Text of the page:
Holiday meals are meant for family. Why wouldn’t you invite your poor aunt to a holiday meal? I can understand not wanting to be her main person and that’s just a tough conversation you’re going to have to have with her to set those boundaries but I think you need to also understand that one day that very well could be you – all alone with no immediate family. That’s your family and it already sounds like a lot of broken ties – someone needs to pull everyone back in. Get your dad and her to make up. They’re siblings. No fight is worth ending a family tie unless it involves sleeping with someone’s spouse or something way out of line.
This is so tough. The best bet is to understand and communicate your boundaries… and sometimes it’s as simple as saying no or ending a call/visit in a reasonable time frame. The main thing is to be consistent. She WILL notice and she will bring it up bc it will be an extreme change in the behavior, this is your opportunity to state gently what ur boundaries are and what u want moving forward. She will try to push those boundaries (unintentionally) bc that’s the established pattern but it up to u to consistent if u want things to change.
On the flip, she’s obviously lonely. Maybe u could come up with ideas to suggest or things to introduce to her world so she can find another appropriate outlet, meet ppl or occupy her time b4 u drop da bomb on her. Lol. Getting her a pet could help. But please, take the time to find an appropriate trained pet 4 her. She’s 67 and as spry as she may appear, patience, pottytraining, doggy discipline or finding litter or a hyper cat might overwhelm her. Those are my suggestions. Hope they help. Wishing u guys a win/win… for family. Xo
Why can’t your dad and her fix things? Because that would solve a lot of issues.
Is it possible that you involve her in helping with your kids? That way it’s more even, she gets companionship and you get free childcare. I will be that aunt in future and it wouldn’t work for me because I don’t like kids but maybe she does and she will feel useful.
Prepare a few one liners you can use to switch the conversation spotlight back on her, and dont feel an iota of guilt or responsibility for her disapointment. Compassion =/= responsibility. You can care for someone without them being entitled to your time.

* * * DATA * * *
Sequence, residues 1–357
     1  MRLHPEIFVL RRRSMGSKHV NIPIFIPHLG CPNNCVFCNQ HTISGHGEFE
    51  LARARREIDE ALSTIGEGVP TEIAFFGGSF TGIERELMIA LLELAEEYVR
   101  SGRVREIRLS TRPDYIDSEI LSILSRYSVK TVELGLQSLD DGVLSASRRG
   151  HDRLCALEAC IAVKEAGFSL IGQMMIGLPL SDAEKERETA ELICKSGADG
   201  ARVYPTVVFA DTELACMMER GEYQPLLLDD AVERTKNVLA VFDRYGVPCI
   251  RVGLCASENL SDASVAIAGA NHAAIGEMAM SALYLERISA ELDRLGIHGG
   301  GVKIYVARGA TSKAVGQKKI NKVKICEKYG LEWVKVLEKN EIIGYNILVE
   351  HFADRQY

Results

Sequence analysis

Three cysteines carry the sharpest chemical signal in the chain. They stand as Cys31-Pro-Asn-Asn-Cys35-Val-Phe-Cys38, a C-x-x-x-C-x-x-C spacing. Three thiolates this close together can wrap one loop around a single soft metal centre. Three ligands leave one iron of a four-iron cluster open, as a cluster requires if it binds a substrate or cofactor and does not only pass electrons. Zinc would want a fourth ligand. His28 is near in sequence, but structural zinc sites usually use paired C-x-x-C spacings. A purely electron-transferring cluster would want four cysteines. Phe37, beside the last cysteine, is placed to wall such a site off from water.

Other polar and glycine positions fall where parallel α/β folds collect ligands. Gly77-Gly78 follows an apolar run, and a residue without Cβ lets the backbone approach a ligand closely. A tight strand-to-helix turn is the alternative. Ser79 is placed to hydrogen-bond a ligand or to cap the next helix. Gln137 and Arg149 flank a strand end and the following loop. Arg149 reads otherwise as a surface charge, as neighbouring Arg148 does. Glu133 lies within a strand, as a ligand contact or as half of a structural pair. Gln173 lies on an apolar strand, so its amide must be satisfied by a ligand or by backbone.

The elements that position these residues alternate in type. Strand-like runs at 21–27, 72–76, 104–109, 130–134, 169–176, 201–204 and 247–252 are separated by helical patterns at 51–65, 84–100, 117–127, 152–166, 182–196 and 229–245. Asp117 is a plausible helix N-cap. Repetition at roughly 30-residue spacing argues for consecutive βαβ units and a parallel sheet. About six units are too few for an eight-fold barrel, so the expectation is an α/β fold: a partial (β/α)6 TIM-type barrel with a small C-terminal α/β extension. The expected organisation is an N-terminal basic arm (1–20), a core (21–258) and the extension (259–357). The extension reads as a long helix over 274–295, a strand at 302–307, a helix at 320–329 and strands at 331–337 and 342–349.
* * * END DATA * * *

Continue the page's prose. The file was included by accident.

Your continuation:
“Oh but I told you, these little ones are my focus of course. It is good to see you though – hey did you check out that games night I sent you…have you done x”
Best of luck to you <3
>I did my best to support her through her loss as I am the only family she has a relationship with.
>She lived alone so through Covid
Not your problem.
She’s the mature adult here. You’re not here parents. Maybe There’s a reason she doesn’t have friends.
>I made extra effort to go for walks with her so she wasn’t completely isolated.
Again, note that you’re not her *mom*. She’s the one with more authority, status, maturity and life experience here. She should be looking out for you and making sure *you’re* doing well.
>She has dog sat for me in the past before all of this and was supportive to me through a personal loss of my own.
Because she’s you’re aunt. Aunts and uncles do that. If she was terminally ill or facing dementia, then I could understand. But she’s not mentally ill or incapable. She just chooses to be an *emotional-energy leech.*
>The issue is she seems to over inflate her role in my life a bit and she gets right in my personal space.
When my husband is involved in a visit she will sit so close to me she accidently sits ON me or link arms with me and makes it seem like we are sooooo close and my husband is the outsider.
Your aunt is a grabby creeper. Stop spending time with her.
I’m getting a child molester vibe here.
>I honestly don’t think she even realizes how it comes off.
Making you uncomfortable is the *goal* here.
>I feel I need to let her know…gently…. that my husband and baby are my people and I just don’t have the space in my life to also be her main person.
Stop inviting her over to your house. Set a boundary of only answering one of her
I am happy to have a casual coffee/walk date here and there but she shouldn’t expect to have her own holiday dinner with us (she does).